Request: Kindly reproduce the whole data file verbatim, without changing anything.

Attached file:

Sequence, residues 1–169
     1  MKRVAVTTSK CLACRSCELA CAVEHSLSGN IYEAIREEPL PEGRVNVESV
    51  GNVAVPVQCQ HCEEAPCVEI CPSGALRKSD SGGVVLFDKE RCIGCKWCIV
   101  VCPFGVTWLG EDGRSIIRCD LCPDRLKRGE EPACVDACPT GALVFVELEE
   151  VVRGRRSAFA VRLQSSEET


Sequence, residues 1–169
     1  MKRVAVTTSK CLACRSCELA CAVEHSLSGN IYEAIREEPL PEGRVNVESV
    51  GNVAVPVQCQ HCEEAPCVEI CPSGALRKSD SGGVVLFDKE RCIGCKWCIV
   101  VCPFGVTWLG EDGRSIIRCD LCPDRLKRGE EPACVDACPT GALVFVELEE
   151  VVRGRRSAFA VRLQSSEET